The far-right Alternative for Germany (AfD) is set to clash with other parties over its nomination for a senior parliamentary post when the Bundestag meets on Tuesday for its inaugural session after last month’s election.
The AfD won seats in the national parliament for the first time in the Sept. 24 ballot, hurting Chancellor Angela Merkel’s conservatives and leaving her with little choice but to try to forge a three-way coalition.
At Tuesday’s session of the lower parliamentary house, outgoing finance minister Wolfgang Schaeuble can count on broad support for his appointment as Bundestag president, or speaker. Lawmakers will then vote on six vice presidents – one from each party group.
For its vice president, the AfD has nominated Albrecht Glaser, 75, who has called Islam a political ideology rather than a religion, and said Muslims should not have the right to freedom of religion as Islam did not respect that freedom.
The Social Democrats, Greens, the pro-business Free Democrats (FDP) and the radical Left Party have spoken out against Glaser’s nomination.
Andrea Nahles, leader of the Social Democrats in parliament, told broadcaster ZDF that Glaser had failed to correct his comments about Islam, which violated Germany’s right to freedom of religion, and dismissed his offer of dialogue as “antics”.
Glaser would not embody the values of the constitution in the way required of a parliamentary vice president, Nahles said.
On Monday, Greens co-leader Katrin Goering-Eckhardt said she would not to vote for Glaser.
“If one wants to be a Bundestag vice president, then one must respect the constitution, and that includes freedom of religion,” she said.
Senior members of Merkel’s conservative bloc have also said they will not support Glaser, though the party’s lawmakers will be free to choose how they vote.
Michael Grosse-Broemer, a leading member of the conservatives, told Bild newspaper “it will be difficult with candidates that do not accept the basic principles of the German constitution.”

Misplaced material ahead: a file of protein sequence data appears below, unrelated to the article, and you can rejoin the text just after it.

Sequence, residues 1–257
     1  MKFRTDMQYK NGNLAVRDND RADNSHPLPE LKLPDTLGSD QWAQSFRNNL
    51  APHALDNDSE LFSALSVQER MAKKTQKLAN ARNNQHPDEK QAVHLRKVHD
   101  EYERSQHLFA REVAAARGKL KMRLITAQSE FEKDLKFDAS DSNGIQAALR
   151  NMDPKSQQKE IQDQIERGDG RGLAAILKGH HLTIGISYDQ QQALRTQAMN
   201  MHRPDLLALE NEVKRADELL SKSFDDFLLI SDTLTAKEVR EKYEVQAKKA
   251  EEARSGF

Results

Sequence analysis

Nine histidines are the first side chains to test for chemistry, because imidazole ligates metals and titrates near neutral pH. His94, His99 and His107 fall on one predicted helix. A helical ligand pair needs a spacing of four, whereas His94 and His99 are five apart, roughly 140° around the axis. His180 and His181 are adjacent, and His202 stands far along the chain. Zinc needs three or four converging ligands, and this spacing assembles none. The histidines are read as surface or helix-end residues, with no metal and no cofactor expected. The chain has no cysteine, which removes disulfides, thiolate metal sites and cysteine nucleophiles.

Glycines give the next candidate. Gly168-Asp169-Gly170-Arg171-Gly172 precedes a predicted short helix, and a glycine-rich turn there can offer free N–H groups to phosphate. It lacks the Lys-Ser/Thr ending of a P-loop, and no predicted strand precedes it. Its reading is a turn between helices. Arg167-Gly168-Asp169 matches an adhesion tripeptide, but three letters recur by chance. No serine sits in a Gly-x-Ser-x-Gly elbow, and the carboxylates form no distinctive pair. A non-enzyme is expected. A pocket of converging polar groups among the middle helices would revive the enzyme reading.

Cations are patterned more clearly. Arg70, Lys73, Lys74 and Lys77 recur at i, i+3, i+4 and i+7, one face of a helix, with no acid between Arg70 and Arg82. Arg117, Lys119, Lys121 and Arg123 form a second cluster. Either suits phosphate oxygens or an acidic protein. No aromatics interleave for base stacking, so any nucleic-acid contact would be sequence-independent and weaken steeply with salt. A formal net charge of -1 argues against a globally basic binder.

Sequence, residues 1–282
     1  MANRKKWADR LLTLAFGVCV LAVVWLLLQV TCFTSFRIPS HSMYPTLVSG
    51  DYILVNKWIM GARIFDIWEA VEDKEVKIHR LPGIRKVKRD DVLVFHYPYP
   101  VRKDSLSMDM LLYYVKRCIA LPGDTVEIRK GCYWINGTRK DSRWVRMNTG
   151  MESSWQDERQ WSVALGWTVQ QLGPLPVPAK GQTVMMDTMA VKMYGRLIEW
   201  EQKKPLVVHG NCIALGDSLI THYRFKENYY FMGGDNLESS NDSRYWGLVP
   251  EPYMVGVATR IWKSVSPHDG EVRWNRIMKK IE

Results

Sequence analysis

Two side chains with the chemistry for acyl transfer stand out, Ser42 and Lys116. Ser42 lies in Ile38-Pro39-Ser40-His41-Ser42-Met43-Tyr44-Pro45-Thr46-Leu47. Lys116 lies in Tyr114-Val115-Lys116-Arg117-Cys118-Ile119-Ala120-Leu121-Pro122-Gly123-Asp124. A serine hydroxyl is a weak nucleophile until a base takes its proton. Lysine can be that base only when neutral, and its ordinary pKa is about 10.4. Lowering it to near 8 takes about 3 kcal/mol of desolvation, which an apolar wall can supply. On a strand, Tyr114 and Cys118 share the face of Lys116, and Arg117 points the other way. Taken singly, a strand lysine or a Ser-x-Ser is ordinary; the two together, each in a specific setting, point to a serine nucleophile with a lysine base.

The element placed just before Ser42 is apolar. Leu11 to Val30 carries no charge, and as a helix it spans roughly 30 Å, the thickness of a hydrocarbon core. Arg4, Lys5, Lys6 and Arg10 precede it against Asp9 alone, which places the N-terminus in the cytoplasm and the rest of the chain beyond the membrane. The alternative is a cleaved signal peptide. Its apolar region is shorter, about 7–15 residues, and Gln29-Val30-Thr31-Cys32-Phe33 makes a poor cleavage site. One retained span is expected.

Later on Tuesday, the conservatives, FDP and Greens will convene for talks on forming a coalition.
Vice presidents of the Bundestag chair sessions, set the agenda for parliamentary business and call lawmakers to order where necessary.
The convention that each party in parliament is entitled to one vice speaker is not written into the constitution, and parliamentary business can continue if the AfD is unable to get Glaser elected or find a replacement.
In the past, a party has had to nominate a second choice when its first choice was not elected. However, if the AfD failed to select any lawmaker who can win the role, it would be unprecedented.
Candidates need to be approved by an absolute majority of all sitting lawmakers, though if there is a third round of voting a candidate can win election with a simple majority of more ‘yes’ than ‘no’ votes.
Should Glaser fail to be elected a vice president in three rounds on Tuesday, voting will be postponed. A member of Merkel’s Christian Democrats (CDU) for 40 years, Glaser quit the party in 2012 and helped to found the AfD in 2013.
The opposition to his nomination demonstrates the difficulties the AfD may face in pushing its agenda – ranging from immigration and an insistence that Islam does not belong in Germany to problems it sees in the euro zone.